“I had some bad chicken in Bath last week, and was fortunate enough to end up with sever stomach pain and vomiting. But with five days left in my vacation, it seemed like I was done with the puking. What a rip off! I’ve been planning this trip for years, and I didn’t come to England not to be physically ill the whole time. Thank goodness for naga peppers!”

“‘Grossly visible gastric bleeding’? Where’s the queue?!”

Brits and tourists alike were thrilled last week by the opportunity to try a London restaurant’s Bollywood Burner curry, a dish that will likely be named by the Guinness Book of World Records as the planet’s hottest curry.

(The meal, apparently, isn’t in quite the same league as Venutian gonad-exploding curry.)

The curry (which is “too extreme to keep on the menu”) gets its heat from the naga jolokia pepper, which was recently declared to be the hottest pepper in town (that is to say, again, on the planet). The naga has a maximumScoville rating of over one million—more than one hundred times hotter than the jalapeño pepper.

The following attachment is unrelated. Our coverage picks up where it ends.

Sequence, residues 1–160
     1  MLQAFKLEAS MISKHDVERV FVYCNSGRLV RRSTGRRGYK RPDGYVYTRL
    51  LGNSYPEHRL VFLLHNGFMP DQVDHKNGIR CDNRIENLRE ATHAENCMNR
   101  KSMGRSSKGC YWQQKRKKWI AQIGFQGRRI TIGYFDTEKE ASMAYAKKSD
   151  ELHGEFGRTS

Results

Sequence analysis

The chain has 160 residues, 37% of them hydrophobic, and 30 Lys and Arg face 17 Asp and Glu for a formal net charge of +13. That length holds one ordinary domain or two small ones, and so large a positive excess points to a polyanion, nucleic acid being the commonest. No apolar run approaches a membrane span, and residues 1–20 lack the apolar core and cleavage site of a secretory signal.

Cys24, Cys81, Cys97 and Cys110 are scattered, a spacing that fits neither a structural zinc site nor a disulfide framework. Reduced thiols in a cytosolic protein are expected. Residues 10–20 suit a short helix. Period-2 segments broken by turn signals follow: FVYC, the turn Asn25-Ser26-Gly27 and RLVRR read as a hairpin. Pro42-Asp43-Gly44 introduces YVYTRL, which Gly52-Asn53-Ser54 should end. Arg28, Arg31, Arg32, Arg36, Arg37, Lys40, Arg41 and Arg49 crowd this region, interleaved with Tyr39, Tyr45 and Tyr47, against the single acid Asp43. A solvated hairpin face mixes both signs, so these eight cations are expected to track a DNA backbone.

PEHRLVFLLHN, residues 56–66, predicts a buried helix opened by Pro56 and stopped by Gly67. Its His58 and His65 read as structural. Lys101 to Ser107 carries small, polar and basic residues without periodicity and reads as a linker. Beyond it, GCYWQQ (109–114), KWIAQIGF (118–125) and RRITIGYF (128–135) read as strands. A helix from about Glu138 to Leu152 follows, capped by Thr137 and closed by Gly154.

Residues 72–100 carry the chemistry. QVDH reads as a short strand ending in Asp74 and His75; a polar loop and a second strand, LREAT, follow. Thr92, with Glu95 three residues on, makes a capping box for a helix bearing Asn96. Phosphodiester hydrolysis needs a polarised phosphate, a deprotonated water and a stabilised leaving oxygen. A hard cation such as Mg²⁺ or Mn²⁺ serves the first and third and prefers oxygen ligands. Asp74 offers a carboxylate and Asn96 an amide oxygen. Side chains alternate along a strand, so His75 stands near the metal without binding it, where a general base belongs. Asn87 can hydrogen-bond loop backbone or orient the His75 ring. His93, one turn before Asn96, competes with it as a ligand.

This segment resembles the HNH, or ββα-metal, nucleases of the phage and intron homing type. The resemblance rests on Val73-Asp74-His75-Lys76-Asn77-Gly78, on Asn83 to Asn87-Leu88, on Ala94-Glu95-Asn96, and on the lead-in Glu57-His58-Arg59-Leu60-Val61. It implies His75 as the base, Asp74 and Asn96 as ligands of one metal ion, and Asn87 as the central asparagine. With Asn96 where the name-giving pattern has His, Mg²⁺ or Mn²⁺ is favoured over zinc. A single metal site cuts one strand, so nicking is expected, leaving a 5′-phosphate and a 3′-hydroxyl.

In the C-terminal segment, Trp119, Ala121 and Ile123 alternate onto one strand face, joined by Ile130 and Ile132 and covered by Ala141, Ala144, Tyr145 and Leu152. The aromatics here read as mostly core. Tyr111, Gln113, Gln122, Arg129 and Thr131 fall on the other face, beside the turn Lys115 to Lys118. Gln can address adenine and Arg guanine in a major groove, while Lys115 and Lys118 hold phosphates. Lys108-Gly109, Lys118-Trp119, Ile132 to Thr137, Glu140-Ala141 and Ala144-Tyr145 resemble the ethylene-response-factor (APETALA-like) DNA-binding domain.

Capsaicin, the chemical that gives peppers their spicy dreams and hot flashes, has been explored as a treatment for chronic pain, and has been shown to kill cancer cells in lab rats. Ironically, capsaicin also causes severe pain, and has been shown to be associated with stomach cancer.

Studies have shown that, contrary to popular belief, mayonnaise actually inhibits the growth of bacteria and thus reduces the risk of food poisoning.

Farm animals often carry germs that can get into our food supply. And pumping the animals full of antibiotics can cause other problems, such as breeding super bugs that are immune to the drugs. But researchers in South Carolina are taking a new approach. They are adding nanoparticles to chicken feed. The particles imitate chicken cells and attract the germs. The germs get stuck to the particles, and then get expelled harmlessly the next time the chicken poops.